Leaders lead. They also write. A lot. Here's a quiz about things written by the men and women who lead the rest of us sheep around. Thanks, as always, to the staff at the Free Library of Philadelphia for helping us ensure accuracy.
1. A book titled At the Center of the Storm really has been in the last week. How come?
2. Books by political figures are famous for not being memorable. Match the political figure with the book he or she wrote.
Conservatives Without Conscience.
Against All Enemies.
United We Stand.
The Audacity of Hope.
Richard A. Clarke.
3. Match the political figure with the title of the radio or television program with which s/he is associated.
Morning in America.
The McLaughlin Group.
The 700 Club.
4. Two politician-penned books have titles beginning with the words It Takes. What are the complete titles, and who are the authors?
5. Let's read sideways. What politicians' names are concealed in the following anagrams?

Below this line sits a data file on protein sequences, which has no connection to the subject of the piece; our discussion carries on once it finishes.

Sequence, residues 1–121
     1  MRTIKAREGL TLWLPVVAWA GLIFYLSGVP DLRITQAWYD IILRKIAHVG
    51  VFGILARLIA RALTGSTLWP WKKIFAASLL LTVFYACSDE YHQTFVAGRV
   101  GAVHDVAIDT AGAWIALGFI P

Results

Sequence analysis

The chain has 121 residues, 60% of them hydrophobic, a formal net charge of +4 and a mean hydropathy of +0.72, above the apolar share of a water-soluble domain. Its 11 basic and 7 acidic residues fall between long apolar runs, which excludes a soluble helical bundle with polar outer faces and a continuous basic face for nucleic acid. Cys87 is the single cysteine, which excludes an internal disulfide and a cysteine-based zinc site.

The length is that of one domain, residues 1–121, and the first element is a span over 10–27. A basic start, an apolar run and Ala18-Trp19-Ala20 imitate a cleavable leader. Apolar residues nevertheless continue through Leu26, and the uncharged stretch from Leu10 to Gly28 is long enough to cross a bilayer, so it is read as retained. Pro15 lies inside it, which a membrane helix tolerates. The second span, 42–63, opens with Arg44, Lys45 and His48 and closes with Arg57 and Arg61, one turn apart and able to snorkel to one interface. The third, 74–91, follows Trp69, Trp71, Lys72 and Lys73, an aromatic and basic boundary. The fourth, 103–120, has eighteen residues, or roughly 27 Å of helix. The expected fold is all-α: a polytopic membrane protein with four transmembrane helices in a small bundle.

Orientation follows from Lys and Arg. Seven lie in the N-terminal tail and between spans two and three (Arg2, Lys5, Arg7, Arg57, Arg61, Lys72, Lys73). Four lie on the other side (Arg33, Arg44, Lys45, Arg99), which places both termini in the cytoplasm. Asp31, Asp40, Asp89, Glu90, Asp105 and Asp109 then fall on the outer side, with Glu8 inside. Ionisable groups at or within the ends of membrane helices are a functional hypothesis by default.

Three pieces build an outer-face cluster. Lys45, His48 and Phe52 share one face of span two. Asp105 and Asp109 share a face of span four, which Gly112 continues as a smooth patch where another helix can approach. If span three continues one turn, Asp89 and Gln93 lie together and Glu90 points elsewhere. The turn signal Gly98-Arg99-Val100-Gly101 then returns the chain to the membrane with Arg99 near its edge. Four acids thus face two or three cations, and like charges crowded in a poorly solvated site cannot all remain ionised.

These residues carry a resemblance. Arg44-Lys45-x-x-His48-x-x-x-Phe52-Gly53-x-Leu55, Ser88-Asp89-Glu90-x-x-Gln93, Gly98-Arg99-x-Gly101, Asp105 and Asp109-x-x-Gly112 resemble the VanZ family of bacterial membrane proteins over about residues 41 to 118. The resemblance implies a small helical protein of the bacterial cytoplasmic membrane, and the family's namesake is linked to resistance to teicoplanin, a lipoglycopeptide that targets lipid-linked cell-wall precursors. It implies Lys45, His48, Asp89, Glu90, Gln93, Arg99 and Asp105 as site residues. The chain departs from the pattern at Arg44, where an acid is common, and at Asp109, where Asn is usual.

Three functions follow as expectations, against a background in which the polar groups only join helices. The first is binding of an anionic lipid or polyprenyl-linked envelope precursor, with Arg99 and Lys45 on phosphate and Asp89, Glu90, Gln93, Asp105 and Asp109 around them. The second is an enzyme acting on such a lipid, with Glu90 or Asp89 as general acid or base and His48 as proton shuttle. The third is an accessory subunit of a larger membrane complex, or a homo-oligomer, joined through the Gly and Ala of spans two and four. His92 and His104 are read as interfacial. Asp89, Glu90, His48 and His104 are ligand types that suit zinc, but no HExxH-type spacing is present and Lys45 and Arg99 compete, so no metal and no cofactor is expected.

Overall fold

a. Hi, Norm. Roll a cad thinly.
b. Oh! I in a lurid gulp.
c. Check ID. I, nun, sin.
d. Ford then mops.
e. A plan short.
Scribble scribble scribble. Connect the world-famous figure with the title of a book s/he wrote.
Gaius Julius Caesar.
The Hinge of Fate.
The Gallic War.
The Path to Power.
Notes on the State of Virginia.
The Winning of the West.
8. Charlemagne and Genghis Khan were two great leaders who possessed the opposite virtue of the leaders in this quiz, although the former tried to correct this later in life. What was this virtue?
9. Speaking of leaders who write things, how many presidential libraries are there? Which president created the very first one?
10. John 8 in the New Testament is thought to be the only time in the Gospels that this is shown. What is it?
7. Baseball break! On April 29, Troy Tulowitzki of the Colorado Rockies baseball team did something that had been done only 12 times. Ever. What was this incredibly rare feat?